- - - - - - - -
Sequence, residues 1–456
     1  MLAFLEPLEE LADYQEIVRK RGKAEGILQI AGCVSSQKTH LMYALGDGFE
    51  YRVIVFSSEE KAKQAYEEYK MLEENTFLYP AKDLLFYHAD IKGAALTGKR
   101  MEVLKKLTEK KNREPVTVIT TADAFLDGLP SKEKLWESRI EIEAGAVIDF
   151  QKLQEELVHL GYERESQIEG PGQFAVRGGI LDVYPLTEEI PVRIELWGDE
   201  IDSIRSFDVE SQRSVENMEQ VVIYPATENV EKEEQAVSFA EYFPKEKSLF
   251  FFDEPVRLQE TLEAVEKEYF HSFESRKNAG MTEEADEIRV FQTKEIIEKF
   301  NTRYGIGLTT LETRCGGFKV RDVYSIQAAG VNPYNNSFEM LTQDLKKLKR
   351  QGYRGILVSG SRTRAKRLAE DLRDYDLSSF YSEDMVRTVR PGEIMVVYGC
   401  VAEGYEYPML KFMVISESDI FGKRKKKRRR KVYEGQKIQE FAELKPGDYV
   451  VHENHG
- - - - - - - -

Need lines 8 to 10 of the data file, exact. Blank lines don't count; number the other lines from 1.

   301  NTRYGIGLTT LETRCGGFKV RDVYSIQAAG VNPYNNSFEM LTQDLKKLKR
   351  QGYRGILVSG SRTRAKRLAE DLRDYDLSSF YSEDMVRTVR PGEIMVVYGC
   401  VAEGYEYPML KFMVISESDI FGKRKKKRRR KVYEGQKIQE FAELKPGDYV